‘Fashionistas’ tend to fall into two categories: those who love colour, and those who hide away from it in fright. WWP unashamedly falls into the latter category, whilst Roberto Cavalli, Anna Dello Russo and David Bowie occupy the former.
There is also the existence of the colour hyprocrites, those who insist on dressing the rest of the world in neon whilst they themselves crawl back to their wardrobes of black and grey. The profession of this third species of man? Stylists. Imagine Andrea Lieberman leopard print; Gok Wan in pink. Those who can wear colour do, those who don’t style. And the relationship between the amount of colour worn by a stylist and the amount of colour they use when styling is very often inversely proportional.
Ergo, the Queen’s stylist must look like Wednesday Addams. Why must she always wear so much of one colour? Particularly – why must she always wear PURPLE?
This Cadbury’s Milk Tray look wouldn’t be a problem if she mixed in some neutral tones, or wore simpler pieces. But she doesn’t. Everything her lazy stylist pulls out in the morning is one block colour. Nowadays, you don’t have to match your bra to your knickers, or your shoes to your handbag, so why match your hat with your jacket with your dress with your lipstick?
This problem isn’t just confined to royalty, it’s a worldwide phenomena. We as a society have been led to believe that our lives will be changed if we wear colour, and we’re predictable and morbid if we don’t. This is all down to those pesky colour hypocrites; specifically it’s the fault of Gok Bloody Wang. The ‘How To Look Good Naked’ producers would never dress their subject in a cute black shift dress in the final reveal. It has to be jewelled tones, bright lips and (for some unfathomable reason) a neckerchief.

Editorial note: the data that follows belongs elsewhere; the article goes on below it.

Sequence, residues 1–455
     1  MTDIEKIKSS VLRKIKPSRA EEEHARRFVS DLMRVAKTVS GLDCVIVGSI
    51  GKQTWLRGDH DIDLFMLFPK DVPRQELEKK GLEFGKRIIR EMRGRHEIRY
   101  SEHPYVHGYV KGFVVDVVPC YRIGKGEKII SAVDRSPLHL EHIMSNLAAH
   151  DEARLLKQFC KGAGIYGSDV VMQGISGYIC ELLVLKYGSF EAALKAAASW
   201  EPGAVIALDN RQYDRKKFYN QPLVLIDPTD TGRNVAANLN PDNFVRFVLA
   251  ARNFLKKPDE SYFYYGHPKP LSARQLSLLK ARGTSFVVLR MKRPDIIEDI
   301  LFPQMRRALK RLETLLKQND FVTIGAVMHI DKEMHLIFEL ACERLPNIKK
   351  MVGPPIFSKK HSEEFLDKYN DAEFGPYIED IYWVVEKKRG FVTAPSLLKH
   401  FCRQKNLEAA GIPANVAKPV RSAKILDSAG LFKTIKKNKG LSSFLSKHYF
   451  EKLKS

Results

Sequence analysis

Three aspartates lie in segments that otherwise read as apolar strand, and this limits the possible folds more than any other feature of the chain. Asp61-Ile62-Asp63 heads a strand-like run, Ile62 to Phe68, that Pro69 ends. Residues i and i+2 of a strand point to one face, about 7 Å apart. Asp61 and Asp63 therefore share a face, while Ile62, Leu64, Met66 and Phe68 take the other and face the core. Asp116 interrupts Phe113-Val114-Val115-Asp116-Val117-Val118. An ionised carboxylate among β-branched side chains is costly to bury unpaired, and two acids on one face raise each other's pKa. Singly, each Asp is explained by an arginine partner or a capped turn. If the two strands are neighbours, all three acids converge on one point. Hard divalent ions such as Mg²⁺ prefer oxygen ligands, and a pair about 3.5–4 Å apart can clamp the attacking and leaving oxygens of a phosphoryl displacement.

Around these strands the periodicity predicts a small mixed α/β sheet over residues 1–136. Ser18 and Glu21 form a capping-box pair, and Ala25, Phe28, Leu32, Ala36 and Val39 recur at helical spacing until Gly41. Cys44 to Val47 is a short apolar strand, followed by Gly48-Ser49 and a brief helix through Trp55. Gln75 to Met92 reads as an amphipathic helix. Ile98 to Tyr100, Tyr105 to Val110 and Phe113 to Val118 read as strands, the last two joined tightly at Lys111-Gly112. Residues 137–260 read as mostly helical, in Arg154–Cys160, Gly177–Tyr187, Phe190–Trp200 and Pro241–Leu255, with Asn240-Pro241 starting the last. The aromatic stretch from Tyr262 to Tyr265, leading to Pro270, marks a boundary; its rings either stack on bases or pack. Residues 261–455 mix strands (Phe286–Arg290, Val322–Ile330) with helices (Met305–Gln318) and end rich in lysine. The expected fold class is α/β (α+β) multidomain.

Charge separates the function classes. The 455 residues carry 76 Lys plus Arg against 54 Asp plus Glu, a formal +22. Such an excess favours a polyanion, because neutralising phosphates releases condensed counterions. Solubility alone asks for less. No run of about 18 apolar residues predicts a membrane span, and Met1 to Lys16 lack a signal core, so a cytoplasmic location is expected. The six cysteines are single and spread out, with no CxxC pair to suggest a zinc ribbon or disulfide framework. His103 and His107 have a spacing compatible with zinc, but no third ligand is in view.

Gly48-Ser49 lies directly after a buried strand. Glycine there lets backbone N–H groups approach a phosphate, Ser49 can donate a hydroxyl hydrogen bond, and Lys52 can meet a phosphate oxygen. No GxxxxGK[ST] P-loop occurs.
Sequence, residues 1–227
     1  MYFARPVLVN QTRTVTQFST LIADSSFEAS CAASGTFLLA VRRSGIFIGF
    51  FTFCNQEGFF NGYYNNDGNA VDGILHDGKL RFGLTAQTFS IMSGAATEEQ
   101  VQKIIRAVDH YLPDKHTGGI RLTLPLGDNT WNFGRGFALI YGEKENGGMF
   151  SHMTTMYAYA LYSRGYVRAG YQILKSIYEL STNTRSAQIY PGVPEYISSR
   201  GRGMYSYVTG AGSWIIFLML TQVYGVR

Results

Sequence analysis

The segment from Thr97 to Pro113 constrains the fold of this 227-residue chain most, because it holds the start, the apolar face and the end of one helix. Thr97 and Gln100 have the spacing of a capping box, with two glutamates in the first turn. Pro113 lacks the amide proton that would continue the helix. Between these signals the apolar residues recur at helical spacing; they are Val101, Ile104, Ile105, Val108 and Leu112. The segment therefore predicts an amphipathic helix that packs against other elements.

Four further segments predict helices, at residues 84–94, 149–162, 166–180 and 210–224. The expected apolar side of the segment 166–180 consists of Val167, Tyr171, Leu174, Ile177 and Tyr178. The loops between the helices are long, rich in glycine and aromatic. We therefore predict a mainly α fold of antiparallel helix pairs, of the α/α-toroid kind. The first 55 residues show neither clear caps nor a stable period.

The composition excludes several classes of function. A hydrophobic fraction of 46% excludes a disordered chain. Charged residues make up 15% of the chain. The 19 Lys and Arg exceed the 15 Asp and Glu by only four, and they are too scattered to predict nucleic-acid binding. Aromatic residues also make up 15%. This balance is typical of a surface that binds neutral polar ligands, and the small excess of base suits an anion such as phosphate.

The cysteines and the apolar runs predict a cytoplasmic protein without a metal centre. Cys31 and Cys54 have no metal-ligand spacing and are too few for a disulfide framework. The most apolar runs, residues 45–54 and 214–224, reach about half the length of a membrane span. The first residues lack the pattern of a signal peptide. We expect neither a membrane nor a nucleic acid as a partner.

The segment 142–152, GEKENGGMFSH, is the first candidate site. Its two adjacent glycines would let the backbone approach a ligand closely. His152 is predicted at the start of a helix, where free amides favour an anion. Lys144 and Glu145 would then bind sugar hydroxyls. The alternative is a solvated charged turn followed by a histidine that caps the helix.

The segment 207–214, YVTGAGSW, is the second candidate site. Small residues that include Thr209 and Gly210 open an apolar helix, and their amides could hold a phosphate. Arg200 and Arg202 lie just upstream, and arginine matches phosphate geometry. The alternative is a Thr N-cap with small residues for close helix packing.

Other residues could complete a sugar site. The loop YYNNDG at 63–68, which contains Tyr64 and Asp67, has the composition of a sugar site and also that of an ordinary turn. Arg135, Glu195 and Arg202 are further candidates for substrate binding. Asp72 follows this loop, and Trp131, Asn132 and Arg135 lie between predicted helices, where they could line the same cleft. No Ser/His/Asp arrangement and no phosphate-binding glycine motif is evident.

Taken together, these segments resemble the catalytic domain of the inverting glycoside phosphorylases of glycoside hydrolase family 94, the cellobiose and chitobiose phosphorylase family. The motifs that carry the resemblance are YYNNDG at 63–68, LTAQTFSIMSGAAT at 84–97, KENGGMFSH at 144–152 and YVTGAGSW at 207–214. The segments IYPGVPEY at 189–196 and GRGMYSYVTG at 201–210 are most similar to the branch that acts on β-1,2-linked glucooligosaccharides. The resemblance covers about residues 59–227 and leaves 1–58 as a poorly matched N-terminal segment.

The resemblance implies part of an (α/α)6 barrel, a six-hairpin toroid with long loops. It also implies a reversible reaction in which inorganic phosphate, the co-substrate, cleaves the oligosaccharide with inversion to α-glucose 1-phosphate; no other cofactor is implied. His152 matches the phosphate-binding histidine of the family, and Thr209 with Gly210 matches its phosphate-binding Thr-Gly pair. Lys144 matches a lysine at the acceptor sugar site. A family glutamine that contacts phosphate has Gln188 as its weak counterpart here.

We the people must reclaim our right to wear black. Black is easy, flattering and mysterious. Moreover, wearing colour all the time will not make you ‘fun’ or ‘edgy’ or the worst of all things – ‘random.’ Most of the time it will just make you look like a CBeebies presenter.
As for the Queen, I feel she is a lost cause until she becomes a widow. But the day Prince Philip dies will be the day I stop caring about the royal family altogether.
Despite the fact that she’s clearly a hardened, evil criminal, I’ve always had a small soft spot for Rebekah Brooks. Her hair is pretty awesome – like a better version of Vivienne Westwood’s or Grace Coddington’s – and, notwithstanding her current peril, she held her own in a men’s newsroom. She also took on the Leveson enquiry with style, in a black dress adorned with Peter Pan collar. (Of course, those less educated in fashion happenings made tedious comparisons to the cast of The Crucible – proving they really missed the point of that play.)
But the real test is how well she stands up in court. For the courtroom entry/exit has produced some of the most timeless photos of modern time. See Marianne Faithfull stepping out on the arm of Mick Jagger, drenched in fur, or Amy Winehouse turning up to her assault trial dressed like a 1950s Cuban prostitute in 2009. I doubt we can expect the same from Mrs Brooks, but let’s see what she’s got.
Appears initially strong – a classic wool – but no pale skin can truly do the camel coat justice.
A boucle jacket! The separate poised to overthrow the hideous trouser suit! Nice one Becks.